The June death of Thetford resident Macadam Mason has focused new attention on electronic weapons used by state police.
Mason died after being shot by a state police stun gun. The incident has prompted calls for more oversight of the state police and changes to their use-of-force policy.
VPR used the state’s access to public records law to obtain dozens of internal state police reports that detail when and how troopers used electronic stun guns in the field.
One incident a year ago was fairly typical, except for the number of times the police fired their weapons. Two officers responded to a report that an intoxicated man was breaking windows outside his apartment. The police report says the man called 911 for help so he could stop smashing things.
The man sounded upset and out of control. A police recording of the incident shows the officers also became agitated when the suspect refused to be handcuffed.
"Do I have a weapon in my hands?" the man shouts, as he resists the attempts to subdue him.
The troopers give him one more warning, and then fire their Tasers. When it was over, the police had shocked the unarmed man seven times.
Then, according to state police policy, they read him a prepared script to assess his medical condition.
"Do you wish to be medically evaluated, yes or no?" the trooper asks.
"Yes, sir," the man replies.
He later asks: "Why did you guys Tase me more than that? I did not come after you."
The man’s question – why did police shoot him with a stun gun multiple times – is not answered in the official report. Nor is any review of the incident available to the public. Public Safety Commissioner Keith Flynn says he won’t comment on internal affairs investigations.
But Flynn says he’s committed to strong oversight of the state police, including its use of electronic stun guns.
"And that helps us foster public confidence, which is something that we need to do," Flynn says. "People need to believe in the integrity and professionalism of their state police agency."
Flynn says the State Police Advisory Commission provides citizen oversight. The seven-member panel has a broad charge to advise the commissioner on policy and internal discipline. The advisory commission will review the findings of the Macadam Mason death investigation, and may recommend changes to the state police use of force policy.
Nancy Sheahan is a Burlington lawyer and chair of the commission, known by its acronym "SPAC." She says the commission helped the agency write the current stun gun policy, and has also reviewed citizen complaints of stun gun incidents.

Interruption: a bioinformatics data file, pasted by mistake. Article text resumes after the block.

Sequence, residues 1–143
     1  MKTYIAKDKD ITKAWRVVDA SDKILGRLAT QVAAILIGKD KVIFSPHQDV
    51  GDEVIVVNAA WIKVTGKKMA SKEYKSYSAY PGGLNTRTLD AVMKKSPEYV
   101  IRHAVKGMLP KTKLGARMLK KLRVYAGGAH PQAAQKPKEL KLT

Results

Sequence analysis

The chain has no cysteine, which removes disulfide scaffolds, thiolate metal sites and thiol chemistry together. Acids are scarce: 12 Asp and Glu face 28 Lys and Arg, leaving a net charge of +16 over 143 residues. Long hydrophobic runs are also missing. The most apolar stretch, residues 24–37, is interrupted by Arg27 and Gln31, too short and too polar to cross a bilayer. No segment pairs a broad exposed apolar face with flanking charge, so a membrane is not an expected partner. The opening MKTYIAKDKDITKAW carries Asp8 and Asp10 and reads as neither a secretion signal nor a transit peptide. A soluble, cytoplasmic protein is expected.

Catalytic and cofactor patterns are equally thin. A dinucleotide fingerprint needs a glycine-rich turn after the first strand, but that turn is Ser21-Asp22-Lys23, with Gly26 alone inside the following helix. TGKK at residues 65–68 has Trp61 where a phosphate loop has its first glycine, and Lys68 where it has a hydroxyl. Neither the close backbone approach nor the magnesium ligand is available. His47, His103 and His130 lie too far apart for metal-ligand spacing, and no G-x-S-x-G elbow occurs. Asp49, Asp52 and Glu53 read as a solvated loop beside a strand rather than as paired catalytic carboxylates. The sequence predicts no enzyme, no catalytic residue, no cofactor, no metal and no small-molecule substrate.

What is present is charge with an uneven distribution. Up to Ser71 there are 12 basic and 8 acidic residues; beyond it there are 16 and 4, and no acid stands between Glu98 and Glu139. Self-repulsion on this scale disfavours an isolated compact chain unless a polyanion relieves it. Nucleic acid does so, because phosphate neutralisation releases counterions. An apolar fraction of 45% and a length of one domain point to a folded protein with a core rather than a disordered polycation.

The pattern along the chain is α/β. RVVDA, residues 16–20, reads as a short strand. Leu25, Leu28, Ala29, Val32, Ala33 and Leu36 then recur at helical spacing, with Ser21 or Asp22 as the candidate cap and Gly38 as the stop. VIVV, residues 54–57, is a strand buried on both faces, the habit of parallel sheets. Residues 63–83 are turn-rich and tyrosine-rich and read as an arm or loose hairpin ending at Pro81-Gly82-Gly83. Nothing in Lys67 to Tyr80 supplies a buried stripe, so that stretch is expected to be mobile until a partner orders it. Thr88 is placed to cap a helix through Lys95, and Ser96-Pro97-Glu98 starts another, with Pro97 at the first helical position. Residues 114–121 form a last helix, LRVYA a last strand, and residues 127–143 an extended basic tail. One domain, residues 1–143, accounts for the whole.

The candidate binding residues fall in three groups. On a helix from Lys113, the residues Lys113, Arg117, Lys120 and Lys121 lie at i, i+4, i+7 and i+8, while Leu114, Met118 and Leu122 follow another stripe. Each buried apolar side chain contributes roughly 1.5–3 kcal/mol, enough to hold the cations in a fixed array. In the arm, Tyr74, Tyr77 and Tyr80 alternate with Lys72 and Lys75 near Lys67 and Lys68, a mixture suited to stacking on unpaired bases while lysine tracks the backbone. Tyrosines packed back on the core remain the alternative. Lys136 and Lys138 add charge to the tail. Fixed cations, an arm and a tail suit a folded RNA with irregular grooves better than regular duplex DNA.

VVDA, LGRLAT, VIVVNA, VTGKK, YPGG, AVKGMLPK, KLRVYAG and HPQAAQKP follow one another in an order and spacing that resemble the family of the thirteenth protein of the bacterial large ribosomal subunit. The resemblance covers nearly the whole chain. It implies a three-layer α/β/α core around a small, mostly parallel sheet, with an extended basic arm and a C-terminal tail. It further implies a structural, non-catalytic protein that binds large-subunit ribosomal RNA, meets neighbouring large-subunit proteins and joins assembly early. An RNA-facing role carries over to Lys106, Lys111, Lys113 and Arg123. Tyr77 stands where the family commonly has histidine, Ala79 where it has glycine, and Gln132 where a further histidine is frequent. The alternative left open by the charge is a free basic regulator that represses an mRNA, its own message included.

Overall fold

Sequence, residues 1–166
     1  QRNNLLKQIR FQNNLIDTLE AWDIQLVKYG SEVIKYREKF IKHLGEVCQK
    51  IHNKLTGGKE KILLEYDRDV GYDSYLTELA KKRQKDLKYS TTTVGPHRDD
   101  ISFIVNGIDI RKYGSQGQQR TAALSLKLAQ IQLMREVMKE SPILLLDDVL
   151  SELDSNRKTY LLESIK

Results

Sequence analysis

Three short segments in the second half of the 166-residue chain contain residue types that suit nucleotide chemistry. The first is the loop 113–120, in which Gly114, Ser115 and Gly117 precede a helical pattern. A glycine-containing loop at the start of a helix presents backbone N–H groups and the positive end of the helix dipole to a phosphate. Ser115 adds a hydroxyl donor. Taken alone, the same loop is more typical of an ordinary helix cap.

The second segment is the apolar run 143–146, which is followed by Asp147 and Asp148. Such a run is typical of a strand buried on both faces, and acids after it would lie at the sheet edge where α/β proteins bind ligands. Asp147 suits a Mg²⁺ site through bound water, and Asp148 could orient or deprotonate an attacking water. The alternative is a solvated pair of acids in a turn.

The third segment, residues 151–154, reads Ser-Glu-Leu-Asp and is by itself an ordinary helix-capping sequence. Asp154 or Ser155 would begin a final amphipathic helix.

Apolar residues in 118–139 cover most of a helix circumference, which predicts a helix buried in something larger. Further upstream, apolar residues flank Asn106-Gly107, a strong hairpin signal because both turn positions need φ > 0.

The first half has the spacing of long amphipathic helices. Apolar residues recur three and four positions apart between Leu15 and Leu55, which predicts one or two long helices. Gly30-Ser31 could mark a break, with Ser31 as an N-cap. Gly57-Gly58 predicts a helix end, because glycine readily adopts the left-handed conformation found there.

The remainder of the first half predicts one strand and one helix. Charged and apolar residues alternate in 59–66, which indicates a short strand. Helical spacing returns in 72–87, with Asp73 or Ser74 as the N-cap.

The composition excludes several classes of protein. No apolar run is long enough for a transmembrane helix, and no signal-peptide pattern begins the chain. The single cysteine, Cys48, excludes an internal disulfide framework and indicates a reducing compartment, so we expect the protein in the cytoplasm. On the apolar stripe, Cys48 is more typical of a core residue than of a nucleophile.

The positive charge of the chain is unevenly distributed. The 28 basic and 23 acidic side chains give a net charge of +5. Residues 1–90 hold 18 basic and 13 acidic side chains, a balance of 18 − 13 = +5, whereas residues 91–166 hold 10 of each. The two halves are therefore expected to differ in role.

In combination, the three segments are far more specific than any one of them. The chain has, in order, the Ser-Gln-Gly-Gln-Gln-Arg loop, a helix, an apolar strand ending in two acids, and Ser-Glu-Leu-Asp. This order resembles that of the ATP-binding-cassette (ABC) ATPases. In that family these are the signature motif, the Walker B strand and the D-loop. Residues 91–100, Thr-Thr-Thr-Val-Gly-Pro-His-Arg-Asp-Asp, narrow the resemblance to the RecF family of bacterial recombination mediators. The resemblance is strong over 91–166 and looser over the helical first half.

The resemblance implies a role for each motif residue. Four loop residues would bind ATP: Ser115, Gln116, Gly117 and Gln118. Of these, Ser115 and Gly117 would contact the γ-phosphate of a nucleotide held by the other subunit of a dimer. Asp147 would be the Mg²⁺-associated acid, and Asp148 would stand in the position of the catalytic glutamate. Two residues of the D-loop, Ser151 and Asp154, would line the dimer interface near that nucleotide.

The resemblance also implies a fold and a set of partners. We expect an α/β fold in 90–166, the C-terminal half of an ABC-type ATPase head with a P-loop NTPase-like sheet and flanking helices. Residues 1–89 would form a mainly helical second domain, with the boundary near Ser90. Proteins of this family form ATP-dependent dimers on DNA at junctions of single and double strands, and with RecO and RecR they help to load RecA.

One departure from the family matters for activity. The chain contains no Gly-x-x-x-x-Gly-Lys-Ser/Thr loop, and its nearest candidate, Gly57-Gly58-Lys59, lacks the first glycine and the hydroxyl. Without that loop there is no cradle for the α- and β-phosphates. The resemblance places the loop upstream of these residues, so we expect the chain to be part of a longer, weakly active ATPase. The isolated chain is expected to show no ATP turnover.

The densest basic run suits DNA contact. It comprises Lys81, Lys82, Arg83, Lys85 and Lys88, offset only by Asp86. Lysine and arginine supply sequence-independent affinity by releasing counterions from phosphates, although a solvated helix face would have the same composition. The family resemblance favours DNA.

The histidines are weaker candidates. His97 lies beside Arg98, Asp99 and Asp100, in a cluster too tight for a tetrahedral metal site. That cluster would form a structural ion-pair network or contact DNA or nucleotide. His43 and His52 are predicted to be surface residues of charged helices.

"The way it would work is someone would make a complaint of excessive force and that is reviewed by the office of internal investigations.," she says. "And then as they’re investigating, they report to SPAC about their progress. … And we will indicate whether we feel the recommendation is appropriate or not."
Sheahan says that in her time on the panel it has not overruled the state police on stun gun cases.
"I recall reviewing incidents," she says. "I don’t recall ever disagreeing with an ultimate recommendation."
Robert Appel is the executive director of the Vermont Human Rights Commission. He says the advisory panel lacks independence and is not truly accountable to the public.
Appel says he was frustrated when he tried to find out from the commission if disciplinary action was taken against an officer that Appel believes made a racially motivated arrest. He says the State Police Advisory Commission would not release information on the case, although the law allows such a release.
"So I don’t see consistency. I don’t see transparency. And I don’t see any public access to that process," he says. "So I think we’re woefully lacking in terms of holding all law enforcement agencies accountable."
Appel says the panel is too close to law enforcement, and that Sheahan’s law firm has defended town police departments in lawsuits.
He says a better model is an inspector general or public advocate who would have investigative power, and report more directly to the public. He says the current commission can launch conduct its own reviews.
But "we have no idea what frequency, what the outcomes are, how that process works. So it’s very hard to accept the notion that state police have a meaningful citizen review process," he says.
Sheahan says the commission does provide independent oversight.
"SPAC is independent in that nobody on SPAC is a member of the state police," she says. "So I’m not really sure what he has in mind, but we are independent from state police."
The stun gun debate is likely to reach the Legislature this winter. Thetford Rep. Jim Masland was a neighbor of the man who died last June after the Taser shock.
Masland says he wants to review the state’s stun gun policy. And he says the June death in his hometown shows that police lack the experience or training for dealing with people experiencing a mental health crisis.
"I’m likely to introduce a bill mandating much more training for anyone who has a Taser at his disposal," he says.